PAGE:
It’s been nearly three years since Wendy Davis stood in the Texas State Capitol and filibustered an abortion bill for 11 hours straight, buoyed by her pink sneakers, a back brace, and the knowledge that there were so many women outside the chamber watching her fight and cheering. The bill eventually passed, Davis later lost a gubernatorial bid, and she is now out of politics for the first time in decades. Throughout all of that, however, she’s proven that she’s more than willing to keep trying to get things done — even when the chance of victory seems to be slim — and to encourage others to do the same.
That philosophy seems to drive Deeds Not Words, a nonprofit Davis started that hopes to connect young women interested in politics and policy with organizations devoted to issues like equal pay, campus sexual assault, paid leave, and, of course, reproductive rights. According to Davis, the group, which officially launches in May, will also set up campus charters at 10 yet-to-be-announced universities and colleges, and will release a weekly email newsletter. Davis spoke with MTV News about her new endeavor and, of course, those legendary pink kicks.
This interview has been condensed and edited.
You’ve only put out broad outlines of what Deeds Not Words is, and I was wondering about the thought process that led you to decide to make this organization your first big thing after your gubernatorial campaign.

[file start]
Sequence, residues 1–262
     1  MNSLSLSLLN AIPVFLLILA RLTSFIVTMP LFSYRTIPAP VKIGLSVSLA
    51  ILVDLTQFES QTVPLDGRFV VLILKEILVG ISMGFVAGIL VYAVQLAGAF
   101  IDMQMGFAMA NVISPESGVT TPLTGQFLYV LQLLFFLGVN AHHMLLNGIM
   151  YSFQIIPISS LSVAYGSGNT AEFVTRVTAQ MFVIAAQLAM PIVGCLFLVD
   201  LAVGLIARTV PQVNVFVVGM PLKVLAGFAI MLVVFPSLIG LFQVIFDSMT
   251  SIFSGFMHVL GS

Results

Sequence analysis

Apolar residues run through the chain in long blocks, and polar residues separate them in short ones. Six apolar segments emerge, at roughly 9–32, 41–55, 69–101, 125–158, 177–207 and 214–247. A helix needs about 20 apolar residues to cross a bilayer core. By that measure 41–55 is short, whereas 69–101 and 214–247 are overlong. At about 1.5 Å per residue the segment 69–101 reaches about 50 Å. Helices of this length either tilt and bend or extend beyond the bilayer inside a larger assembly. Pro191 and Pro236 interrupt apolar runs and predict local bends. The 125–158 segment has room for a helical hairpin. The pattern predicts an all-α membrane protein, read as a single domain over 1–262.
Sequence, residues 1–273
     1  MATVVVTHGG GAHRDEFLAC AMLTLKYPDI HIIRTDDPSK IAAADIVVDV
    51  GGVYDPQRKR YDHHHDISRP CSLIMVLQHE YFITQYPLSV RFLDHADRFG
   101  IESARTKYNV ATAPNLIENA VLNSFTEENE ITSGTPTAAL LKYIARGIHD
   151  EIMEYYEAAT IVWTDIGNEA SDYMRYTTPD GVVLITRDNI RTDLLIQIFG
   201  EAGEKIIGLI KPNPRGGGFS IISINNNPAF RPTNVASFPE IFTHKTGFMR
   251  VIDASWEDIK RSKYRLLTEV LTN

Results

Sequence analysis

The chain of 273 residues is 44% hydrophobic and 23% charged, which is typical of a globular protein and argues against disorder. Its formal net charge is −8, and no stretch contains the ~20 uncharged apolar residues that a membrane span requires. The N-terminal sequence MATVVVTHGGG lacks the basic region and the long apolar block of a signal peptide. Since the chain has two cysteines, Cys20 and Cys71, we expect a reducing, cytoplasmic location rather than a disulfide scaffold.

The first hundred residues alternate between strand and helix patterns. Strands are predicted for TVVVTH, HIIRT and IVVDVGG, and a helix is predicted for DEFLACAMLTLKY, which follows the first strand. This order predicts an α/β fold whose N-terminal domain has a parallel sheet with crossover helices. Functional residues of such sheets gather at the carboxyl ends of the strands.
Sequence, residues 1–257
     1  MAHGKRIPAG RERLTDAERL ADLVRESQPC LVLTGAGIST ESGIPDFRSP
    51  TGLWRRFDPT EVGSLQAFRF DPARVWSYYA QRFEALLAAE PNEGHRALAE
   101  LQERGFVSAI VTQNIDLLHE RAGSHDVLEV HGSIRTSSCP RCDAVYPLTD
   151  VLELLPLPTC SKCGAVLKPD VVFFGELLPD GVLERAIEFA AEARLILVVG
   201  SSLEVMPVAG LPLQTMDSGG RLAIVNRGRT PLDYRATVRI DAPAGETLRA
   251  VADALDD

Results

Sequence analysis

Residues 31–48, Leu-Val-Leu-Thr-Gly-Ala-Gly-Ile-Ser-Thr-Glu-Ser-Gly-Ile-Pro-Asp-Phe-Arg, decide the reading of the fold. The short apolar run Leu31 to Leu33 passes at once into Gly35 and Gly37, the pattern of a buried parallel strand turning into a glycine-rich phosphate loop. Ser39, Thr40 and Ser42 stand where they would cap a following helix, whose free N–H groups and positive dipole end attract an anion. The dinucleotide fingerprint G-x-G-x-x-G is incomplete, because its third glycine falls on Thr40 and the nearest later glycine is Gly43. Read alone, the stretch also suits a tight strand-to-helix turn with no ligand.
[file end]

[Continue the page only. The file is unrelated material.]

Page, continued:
Wendy Davis: One was, I finished the campaign and was thinking about what I was going to do next. I knew I wanted to continue to play a role, in some shape or form, in trying to help realize the goal of gender equality in this country, so I started meeting with a number of organizations in that space. And I realized, as I was navigating my way through that, I was finding out about a lot of organizations I had never heard of, even though I considered myself pretty richly embedded in that world. So I knew that if I hadn’t heard of them, it was likely that most people hadn’t either. And I started looking at their digital footprint, and many of them were quite small.
At the same time, I was traveling the country, speaking to a variety of organizations, and I was met with a continuing enthusiasm from young women. I realized I had the privilege to be able to speak and work with young women, as someone they looked up to and could get advice from. And I had so many young women asking me what to do.
How do you plan on specifically getting women — especially poor women or women of color, who have never gotten involved in advocacy and don’t have a lot of time — involved?
Davis: I think the idea that many people have — that making a difference means doing some monumental thing — is an impediment, and it’s something I want to try to help break through. I know, having come from a background of being a single mom, living in poverty, going to school, I didn’t know how to use my voice, and I honestly didn’t think I had the time or the privilege to be able to use it. But if someone had reached out to me, if someone on social media had been around at the time, and I'd felt like there was some little thing I could do, that might have been helpful, I would like to think I would have done it.
Did you quickly learn after you got into politics that there’s an entirely different world of sexism that you encounter as a woman with ambition?